Who's Hacking Who Today: NATO and News Corp. Targeted

Thursday is a busy day in the wild world of vigilante cyberactivism

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It's starting to get really hard to keep up with all of the hacking news nuggets. Even more challenging, sometimes, is parsing out the real news from the from the publicity stunts groups like LulzSec and Anonymous are now famous for. However, it turns out that Thursday is a particularly active day for the hackers.

LulzSec leaks News Corp. emails to media outlets. Taking a step closer to becoming WikiLeaks, the recently revitalized prankster-turned-hactivist group LulzSec claims to be working with journalists. "We're currently working with certain media outlets who have been granted exclusive access to some of the News of the World emails we have," the group tweeted Thursday morning. LulzSec and Anonymous both have been bragging this week about having hacked into and stolen from News Corp. sites like The Sun. The group's elusive leader Sabu had tweeted earlier, "We're releasing something we found in The Sun's mail server, shortly. Ouch. Ready for the media storm?"

Anonymous steals a gigabyte of data from NATO. Around the same time as Sabu's tweet, Anonymous's main account announced, "We think, actually we may not release emails from The Sun, simply because it may compromise the court case. But..." And they include a link to a set of documents stamped with "NATO RESTRICTED" (embedded below*). The documents contain budget information for a new Joint Communications Control Center (JCCC) within the International Security Assistance Force (ISAF), a NATO-led mission in Afganistan. Various other Anonymous-affiliated accounts claimed to have lifted a gigabyte worth of data from NATO servers, so presumably more document releases are on the way.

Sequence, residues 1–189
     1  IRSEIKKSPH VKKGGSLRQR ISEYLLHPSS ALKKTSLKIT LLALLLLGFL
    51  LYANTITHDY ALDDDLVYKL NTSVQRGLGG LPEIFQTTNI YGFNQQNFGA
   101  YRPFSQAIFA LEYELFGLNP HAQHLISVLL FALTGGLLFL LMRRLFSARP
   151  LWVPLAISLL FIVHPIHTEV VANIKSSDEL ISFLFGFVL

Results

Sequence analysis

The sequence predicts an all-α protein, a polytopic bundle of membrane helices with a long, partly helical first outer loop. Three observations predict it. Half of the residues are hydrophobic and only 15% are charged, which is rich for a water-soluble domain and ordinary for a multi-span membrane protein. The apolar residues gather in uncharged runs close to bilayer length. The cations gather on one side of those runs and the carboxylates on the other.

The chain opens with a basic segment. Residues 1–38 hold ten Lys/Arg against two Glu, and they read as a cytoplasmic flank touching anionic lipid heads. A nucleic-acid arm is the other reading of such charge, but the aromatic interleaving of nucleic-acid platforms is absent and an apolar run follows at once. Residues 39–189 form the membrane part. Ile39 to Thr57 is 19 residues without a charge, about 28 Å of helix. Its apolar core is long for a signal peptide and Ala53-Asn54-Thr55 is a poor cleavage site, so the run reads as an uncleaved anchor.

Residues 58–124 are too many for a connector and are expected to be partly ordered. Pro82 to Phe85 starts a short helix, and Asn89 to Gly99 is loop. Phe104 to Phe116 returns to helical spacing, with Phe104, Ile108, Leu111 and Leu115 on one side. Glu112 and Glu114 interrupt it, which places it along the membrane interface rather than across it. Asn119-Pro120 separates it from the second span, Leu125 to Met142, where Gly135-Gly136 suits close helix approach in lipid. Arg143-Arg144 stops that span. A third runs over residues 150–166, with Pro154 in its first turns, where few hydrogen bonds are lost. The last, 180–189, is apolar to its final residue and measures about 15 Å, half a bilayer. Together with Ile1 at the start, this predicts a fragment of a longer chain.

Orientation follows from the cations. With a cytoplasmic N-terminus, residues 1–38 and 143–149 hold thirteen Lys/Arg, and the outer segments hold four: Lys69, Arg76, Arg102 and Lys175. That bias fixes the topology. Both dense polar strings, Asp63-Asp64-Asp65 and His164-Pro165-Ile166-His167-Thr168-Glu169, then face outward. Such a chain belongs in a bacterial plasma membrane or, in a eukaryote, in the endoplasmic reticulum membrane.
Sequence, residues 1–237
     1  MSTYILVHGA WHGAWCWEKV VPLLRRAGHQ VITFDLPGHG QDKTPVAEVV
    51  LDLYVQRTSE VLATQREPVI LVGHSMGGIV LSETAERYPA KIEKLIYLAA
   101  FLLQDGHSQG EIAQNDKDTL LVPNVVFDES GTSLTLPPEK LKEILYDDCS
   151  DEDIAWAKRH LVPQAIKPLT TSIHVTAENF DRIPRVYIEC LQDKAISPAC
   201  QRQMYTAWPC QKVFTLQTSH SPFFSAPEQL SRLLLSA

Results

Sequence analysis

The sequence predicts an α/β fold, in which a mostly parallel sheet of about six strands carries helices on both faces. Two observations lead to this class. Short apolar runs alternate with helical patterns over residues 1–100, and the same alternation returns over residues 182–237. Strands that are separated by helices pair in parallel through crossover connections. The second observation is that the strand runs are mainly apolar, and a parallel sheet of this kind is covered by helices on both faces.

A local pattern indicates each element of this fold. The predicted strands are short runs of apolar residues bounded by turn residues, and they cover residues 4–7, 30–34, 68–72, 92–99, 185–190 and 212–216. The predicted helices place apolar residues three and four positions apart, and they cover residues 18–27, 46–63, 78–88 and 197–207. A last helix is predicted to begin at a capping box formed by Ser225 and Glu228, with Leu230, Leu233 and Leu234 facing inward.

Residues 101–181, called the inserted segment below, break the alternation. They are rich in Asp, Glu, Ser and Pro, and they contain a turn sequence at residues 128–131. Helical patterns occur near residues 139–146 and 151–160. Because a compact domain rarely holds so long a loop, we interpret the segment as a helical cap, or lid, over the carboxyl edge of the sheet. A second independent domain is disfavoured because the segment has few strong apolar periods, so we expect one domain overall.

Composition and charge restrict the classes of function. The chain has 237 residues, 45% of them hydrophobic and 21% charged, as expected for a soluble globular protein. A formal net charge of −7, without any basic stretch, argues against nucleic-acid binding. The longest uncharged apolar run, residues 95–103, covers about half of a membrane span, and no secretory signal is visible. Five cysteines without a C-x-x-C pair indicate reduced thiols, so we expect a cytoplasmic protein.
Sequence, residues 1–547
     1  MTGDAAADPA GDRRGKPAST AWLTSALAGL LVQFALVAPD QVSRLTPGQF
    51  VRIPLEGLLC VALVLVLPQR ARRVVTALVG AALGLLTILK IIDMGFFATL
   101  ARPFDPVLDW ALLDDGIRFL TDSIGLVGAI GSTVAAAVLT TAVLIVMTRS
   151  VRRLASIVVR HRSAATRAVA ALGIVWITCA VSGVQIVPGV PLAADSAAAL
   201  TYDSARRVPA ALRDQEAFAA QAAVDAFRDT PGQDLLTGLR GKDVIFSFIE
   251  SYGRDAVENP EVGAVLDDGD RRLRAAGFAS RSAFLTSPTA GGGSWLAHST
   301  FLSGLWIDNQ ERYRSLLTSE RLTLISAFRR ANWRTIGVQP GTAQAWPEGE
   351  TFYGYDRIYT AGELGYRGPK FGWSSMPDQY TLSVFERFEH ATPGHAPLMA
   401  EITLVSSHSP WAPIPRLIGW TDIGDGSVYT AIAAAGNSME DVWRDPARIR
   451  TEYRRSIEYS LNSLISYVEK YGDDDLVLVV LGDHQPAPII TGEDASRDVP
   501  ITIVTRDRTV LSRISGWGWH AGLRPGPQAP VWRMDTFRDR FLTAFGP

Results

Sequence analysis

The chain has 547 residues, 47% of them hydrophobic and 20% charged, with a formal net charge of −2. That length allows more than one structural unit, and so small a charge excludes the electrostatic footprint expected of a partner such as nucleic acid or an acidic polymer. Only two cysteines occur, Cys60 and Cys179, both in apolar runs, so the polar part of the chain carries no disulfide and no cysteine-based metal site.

Anonymous and LulzSec issue statement to the FBI. After federal agents arrested 14 Anonymous-affiliated hackers around the country on Tuesday, the remaining leaders issued a rebuttal of sorts to Steve Chabinsky, deputy assistant director of the FBI. Responding to a statement made by Chabinsky that "it's entirely unacceptable to break into websites and commit unlawful acts," the groups list a few things they find unacceptable. Declaring governments and corporations their enemy, they sound defiant:

We are not scared any more. Your threats to arrest us are meaningless to us as you cannot arrest an idea. Any attempt to do so will make your citizens more angry until they will roar in one gigantic choir. It is our mission to help these people and there is nothing - absolutely nothing - you can possibly to do make us stop.

A new group TURKIYE defaces shell site AnonPlus. Earlier this week, some members of Anonymous claimed they were kicked off Google+ and so they set up their own social networking site. Or rather, they set up a front page and message board called AnonPlus. Late Wednesday, the site appeared to have been hacked and defaced by a rival group that identified themselves with the line, "We are TURKIYE. We are AKINCILAR." Akincilar is a small town in Turkey, so we might assume it's a Turkish group. Though the site's creator claims to have fixed the problem, AnonPlus.com currently redirects to a message board called AnonSource Technologies.

*NATO Documents

This article is from the archive of our partner The Wire.